"It's really about more than that day," Jikomes said. "It's about the love [Joe and Elvis] shared."
That day when The Beatles met Elvis, it was a little awkward.

Joe said, "The Beatles were very excited to meet Elvis. I was nervous about meeting The Beatles, myself. I picked them up at their house with two limos and they followed me to Elvis' house [in Bel Air]. There were 2,000 people outside the house – the rumor had got out over the radio that they were meeting. I said, 'Well, I'm surprised' but they said they were just nervous to meet Elvis.

He was at the front door waiting for them. He shook their hands and introduced himself like they didn't know who he was. They sat on a big couch around the room for chit-chat. I could tell [The Beatles] were nervous. They chatted about music but after a while it was very quiet.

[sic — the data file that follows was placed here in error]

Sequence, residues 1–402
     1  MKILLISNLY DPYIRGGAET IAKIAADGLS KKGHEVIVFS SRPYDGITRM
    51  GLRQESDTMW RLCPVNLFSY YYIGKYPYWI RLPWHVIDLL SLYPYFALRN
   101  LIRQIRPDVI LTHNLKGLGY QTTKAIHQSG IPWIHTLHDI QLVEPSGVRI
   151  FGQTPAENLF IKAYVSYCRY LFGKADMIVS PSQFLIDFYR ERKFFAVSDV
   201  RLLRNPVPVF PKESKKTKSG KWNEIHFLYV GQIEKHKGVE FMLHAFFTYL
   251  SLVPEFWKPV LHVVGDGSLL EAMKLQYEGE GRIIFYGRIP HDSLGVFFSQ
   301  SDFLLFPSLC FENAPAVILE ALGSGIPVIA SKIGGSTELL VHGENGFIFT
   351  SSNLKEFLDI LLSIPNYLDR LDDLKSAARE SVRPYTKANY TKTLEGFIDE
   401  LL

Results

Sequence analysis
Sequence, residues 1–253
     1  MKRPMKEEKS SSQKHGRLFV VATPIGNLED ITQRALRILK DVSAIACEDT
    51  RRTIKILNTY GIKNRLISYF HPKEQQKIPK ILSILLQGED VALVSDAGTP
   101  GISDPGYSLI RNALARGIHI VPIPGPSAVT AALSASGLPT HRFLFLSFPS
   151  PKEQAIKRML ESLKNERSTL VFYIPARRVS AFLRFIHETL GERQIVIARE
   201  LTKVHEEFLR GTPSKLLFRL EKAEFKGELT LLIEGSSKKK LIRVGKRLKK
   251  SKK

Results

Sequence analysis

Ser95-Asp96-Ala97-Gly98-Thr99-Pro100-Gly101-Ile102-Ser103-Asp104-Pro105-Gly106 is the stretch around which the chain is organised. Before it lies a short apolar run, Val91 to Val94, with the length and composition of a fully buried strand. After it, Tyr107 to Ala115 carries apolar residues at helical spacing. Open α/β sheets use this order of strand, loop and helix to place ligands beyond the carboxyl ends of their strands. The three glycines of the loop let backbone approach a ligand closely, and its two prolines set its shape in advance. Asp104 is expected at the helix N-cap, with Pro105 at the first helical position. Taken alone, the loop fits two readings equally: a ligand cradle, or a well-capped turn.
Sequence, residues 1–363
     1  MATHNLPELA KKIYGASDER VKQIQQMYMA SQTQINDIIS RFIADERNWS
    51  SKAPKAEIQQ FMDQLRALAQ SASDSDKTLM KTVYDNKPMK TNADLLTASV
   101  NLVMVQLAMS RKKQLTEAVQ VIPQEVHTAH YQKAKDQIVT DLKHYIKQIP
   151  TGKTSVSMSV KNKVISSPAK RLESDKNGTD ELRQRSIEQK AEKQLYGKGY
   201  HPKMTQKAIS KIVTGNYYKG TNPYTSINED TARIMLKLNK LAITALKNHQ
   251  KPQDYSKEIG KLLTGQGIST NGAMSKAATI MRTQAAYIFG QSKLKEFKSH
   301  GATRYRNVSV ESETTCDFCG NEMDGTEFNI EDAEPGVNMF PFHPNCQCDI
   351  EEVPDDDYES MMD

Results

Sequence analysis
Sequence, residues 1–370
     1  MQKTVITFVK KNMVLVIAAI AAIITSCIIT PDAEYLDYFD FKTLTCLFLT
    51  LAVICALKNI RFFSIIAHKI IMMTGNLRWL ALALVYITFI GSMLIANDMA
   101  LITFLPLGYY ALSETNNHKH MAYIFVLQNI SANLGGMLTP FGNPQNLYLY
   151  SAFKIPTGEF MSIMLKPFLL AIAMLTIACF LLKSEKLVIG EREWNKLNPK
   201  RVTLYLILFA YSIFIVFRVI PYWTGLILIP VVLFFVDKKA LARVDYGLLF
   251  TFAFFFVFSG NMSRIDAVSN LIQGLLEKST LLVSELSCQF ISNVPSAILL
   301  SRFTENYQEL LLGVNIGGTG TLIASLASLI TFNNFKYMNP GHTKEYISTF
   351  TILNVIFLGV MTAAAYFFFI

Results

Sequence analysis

Elvis said, 'If you guys are gonna sit here and stare at me all night I'm gonna go to bed.' They said, 'We're just nervous to meet you,' and he said, 'Don't be nervous to meet me, I'm just like you guys. I love music too.' He was such a normal human being. He didn't want anyone to think he was special or you couldn't talk to him."

It broke the ice a little when Elvis suggested they play some music together. "They all loved rock and roll," Joe said. "It really was a once in a lifetime deal."

Stephanie Rabiola, executive producer and director of One Day, Two Legends, said that although the documentary began as a project about The Beatles and Elvis, the heart of the film is the friendship between Joe and Elvis. "It's become a tribute to their friendship," she said.

Joe grew up in the heart of Chicago, went to Marshall High School and was drafted to the U.S. Army in 1958, stationed at Fort Hood, Tex., where Elvis Presley happened to be. He didn't meet Elvis until they were both transferred to Germany.

"I was very nervous when I met him. I was a big fan," said Joe.